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In one of Markova's books she relates how she was given the choice on how to perform the final diagonal in Giselle's PasSeul, after Pavlova vs. Spessivtseva-(both were notaded according to her). She went for the latter one, and from there Alonso took it in the early 40's. I believe is not performed anywhere else nowadays but in Cuba, as everyone else does the circle of pique turns.

Stagers can be very strict with this. Osipova has said that she would like to perform said diagonal in Russia, but she would not be allowed by her coach.

In Helgi Tomasson's staging of Giselle at the San Francsico Ballet, a ballerina does the Spessivtseva diagonal instead of a mange of pique turns.

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Posted (edited)
On 3/1/2016 at 9:47 AM, MadameP said:

With regard to the diagonale of entrechats4 (or not!), I was not present at the American run of Raymondas, but have seen many Raymondas on the Mariinsky stage in St Petersburg. For the sake of information only, here is a list of all those ballerinas I have seen perform the role of Raymonda at Mariinsky Theatre, and what they actually performed during this sequence.

Lopatkina - changements

Tereshkina - changements
Matvienko - changements
Skorik - changements
Kondaurova - did maybe 2 entrechat4 then the rest changements
Shirinkina - entrechat4
Kolegova - entrechat4
Somova - entrechat4

I just wanted to do a quick return to this issue. According to The Petipa Society, the troubles of doing changements vs entrechats on pointe on this section goes back to the very Petipa times. It looks like Legnani, the original Raymonda, did the most difficult option...the entrechats, whereas les accomplished technician Preobrajenskaya went for changements, and hers is the variation that was notated. Doug Foullington...correct me if I am wrong...?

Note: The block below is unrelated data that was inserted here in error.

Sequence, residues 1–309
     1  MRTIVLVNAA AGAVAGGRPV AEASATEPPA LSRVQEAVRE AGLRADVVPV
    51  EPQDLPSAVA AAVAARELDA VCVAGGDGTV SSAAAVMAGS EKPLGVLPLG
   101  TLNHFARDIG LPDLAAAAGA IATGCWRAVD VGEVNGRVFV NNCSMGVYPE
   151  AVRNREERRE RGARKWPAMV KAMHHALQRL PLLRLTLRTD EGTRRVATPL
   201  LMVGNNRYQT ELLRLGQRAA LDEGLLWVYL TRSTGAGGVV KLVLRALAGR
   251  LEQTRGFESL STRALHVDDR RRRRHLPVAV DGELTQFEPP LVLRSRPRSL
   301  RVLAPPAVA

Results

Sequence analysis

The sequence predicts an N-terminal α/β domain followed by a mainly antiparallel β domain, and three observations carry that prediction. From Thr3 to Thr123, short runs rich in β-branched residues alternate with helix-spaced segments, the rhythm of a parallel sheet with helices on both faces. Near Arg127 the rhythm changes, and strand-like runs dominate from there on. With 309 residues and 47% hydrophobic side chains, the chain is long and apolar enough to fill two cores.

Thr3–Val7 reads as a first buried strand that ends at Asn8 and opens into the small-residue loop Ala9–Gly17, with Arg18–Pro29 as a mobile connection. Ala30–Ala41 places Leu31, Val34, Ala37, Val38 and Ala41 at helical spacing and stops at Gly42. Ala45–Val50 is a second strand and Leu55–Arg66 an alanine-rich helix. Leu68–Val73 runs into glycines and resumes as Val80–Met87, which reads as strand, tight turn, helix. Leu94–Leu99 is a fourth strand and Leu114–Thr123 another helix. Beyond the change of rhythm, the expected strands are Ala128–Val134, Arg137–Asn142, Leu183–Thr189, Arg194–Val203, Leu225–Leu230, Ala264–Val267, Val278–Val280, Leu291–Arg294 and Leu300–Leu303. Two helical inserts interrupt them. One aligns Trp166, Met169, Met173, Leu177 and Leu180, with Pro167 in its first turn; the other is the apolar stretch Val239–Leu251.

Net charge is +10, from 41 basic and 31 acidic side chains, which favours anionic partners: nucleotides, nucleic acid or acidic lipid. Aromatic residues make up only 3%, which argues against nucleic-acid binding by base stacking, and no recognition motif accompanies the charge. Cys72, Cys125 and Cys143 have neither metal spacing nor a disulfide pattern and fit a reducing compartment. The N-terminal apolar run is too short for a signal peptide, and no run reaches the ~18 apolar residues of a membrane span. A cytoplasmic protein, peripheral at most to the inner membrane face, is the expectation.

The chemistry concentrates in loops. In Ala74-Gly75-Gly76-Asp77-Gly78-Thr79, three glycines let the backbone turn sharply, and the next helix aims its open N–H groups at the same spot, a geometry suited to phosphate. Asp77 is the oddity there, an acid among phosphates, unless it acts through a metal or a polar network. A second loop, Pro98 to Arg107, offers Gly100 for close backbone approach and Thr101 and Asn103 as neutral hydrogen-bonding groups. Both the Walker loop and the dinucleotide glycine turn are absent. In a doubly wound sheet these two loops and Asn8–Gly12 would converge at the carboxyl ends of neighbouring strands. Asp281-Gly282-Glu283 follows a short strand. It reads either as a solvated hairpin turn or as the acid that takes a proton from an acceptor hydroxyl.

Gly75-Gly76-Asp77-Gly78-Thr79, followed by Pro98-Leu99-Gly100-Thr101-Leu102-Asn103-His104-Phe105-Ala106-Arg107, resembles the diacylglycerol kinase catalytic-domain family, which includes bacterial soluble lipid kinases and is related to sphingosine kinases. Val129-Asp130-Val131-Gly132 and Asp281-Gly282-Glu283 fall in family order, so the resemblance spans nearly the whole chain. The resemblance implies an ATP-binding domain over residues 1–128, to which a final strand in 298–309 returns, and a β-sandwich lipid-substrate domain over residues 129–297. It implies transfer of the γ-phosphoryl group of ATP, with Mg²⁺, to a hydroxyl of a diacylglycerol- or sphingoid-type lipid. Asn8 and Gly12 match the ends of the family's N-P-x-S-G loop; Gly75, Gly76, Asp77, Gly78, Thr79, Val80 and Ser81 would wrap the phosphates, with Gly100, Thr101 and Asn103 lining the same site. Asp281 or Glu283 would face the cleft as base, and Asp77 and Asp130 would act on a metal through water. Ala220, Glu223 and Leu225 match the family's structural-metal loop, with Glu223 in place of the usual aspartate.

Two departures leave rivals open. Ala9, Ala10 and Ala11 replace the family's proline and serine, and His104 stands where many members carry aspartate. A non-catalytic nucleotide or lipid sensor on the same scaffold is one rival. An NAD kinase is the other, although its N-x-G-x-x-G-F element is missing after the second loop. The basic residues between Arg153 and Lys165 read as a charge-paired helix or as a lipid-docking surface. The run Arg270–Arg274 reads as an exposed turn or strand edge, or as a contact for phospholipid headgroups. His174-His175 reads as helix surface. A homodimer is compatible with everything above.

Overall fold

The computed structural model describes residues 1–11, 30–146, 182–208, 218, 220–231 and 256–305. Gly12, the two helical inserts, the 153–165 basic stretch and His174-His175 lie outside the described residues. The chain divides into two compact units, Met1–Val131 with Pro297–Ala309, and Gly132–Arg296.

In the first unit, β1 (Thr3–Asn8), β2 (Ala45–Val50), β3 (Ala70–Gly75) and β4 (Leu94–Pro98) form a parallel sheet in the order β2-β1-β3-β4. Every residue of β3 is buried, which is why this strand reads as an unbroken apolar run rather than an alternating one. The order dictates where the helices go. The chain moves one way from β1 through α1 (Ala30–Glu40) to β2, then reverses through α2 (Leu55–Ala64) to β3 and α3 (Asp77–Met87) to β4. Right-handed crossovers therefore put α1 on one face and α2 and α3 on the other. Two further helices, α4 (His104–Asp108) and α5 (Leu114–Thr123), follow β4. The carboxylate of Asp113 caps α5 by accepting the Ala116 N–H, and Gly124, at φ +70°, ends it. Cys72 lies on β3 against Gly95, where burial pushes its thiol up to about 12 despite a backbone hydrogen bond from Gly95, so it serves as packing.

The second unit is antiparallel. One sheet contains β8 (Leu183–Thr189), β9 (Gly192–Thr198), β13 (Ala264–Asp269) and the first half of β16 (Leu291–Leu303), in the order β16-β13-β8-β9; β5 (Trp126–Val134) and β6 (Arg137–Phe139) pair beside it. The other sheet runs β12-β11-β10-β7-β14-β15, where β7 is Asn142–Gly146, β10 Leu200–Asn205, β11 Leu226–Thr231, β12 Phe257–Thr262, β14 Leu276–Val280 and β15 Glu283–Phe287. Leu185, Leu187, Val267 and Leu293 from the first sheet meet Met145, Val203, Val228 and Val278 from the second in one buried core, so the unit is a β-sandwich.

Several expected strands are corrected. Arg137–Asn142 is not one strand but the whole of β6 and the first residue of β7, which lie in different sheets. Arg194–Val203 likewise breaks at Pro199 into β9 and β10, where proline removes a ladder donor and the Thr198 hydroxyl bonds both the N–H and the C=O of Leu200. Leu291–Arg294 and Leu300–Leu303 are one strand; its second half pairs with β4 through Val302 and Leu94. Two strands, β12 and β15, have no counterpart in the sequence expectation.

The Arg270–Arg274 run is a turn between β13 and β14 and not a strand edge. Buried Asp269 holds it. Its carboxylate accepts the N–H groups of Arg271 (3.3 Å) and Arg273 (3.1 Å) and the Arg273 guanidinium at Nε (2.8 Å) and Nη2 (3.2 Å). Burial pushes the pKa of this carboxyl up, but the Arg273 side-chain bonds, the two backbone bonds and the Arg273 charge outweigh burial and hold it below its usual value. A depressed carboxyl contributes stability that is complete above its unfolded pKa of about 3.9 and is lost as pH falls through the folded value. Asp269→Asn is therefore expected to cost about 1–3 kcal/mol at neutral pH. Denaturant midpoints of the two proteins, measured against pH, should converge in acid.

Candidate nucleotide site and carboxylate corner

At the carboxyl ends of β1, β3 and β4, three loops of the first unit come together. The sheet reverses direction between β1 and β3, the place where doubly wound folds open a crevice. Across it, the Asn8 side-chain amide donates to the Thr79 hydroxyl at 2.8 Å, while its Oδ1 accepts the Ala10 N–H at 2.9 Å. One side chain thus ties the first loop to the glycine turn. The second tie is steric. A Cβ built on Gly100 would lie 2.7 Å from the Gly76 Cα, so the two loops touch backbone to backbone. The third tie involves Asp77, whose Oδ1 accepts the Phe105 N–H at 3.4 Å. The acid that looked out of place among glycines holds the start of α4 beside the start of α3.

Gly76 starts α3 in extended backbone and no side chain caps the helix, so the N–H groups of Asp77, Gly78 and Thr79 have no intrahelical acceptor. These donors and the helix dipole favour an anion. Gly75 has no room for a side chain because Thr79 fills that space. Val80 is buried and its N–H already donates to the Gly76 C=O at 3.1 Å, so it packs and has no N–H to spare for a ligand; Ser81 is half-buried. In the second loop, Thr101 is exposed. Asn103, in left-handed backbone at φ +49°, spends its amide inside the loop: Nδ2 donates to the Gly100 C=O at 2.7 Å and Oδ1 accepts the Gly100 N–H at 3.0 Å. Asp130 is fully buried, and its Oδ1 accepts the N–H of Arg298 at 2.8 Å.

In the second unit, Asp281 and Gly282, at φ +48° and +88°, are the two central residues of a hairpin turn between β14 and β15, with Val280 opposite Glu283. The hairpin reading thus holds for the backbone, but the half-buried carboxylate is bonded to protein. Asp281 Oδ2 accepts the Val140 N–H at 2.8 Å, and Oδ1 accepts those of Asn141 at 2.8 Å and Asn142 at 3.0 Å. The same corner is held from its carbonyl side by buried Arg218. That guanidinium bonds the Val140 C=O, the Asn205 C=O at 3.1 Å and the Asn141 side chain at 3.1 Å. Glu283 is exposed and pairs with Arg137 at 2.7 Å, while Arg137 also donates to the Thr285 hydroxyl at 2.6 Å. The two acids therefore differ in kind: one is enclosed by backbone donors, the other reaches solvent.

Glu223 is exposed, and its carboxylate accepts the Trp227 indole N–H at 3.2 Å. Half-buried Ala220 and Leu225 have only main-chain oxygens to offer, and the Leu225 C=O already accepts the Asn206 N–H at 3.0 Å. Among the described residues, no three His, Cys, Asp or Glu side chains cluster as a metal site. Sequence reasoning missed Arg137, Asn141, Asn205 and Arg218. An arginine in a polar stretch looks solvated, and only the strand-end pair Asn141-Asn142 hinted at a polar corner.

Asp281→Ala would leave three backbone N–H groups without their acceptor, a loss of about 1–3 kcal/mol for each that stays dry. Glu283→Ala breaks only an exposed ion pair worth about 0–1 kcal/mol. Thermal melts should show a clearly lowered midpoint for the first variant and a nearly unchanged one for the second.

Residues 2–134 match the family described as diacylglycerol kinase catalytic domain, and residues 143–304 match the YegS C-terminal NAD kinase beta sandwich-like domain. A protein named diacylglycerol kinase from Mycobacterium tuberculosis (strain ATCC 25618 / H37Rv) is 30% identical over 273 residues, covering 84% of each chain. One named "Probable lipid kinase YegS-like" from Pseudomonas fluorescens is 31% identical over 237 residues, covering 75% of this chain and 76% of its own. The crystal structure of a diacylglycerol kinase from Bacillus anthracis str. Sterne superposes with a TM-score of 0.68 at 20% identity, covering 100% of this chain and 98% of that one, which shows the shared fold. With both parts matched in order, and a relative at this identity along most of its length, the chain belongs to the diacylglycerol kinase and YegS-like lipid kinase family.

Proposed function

https://petipasociety.com/raymonda/

Edited by cubanmiamiboy

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It is important to understand that Legnani was dancing Raymonda in 1898 while Preobrajenska was rehearsing it in 1903, she was thus to dance a new production; in all such cases altering and adapting the text for a new soloist was a standard practice.

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52 minutes ago, Laurent said:

It is important to understand that Legnani was dancing Raymonda in 1898 while Preobrajenska was rehearsing it in 1903, she was thus to dance a new production; in all such cases altering and adapting the text for a new soloist was a standard practice.

Laurent...if you go back a bit on this thread, you will see why I came back to mention this fact. When the Mariinsky came to DC, this section was much discussed, for which some ballerinas obviously did not do the difficult entrechats on pointe, but rather changements. It was interesting to see that they have been quite following into the footsteps of their venerable originals.🤗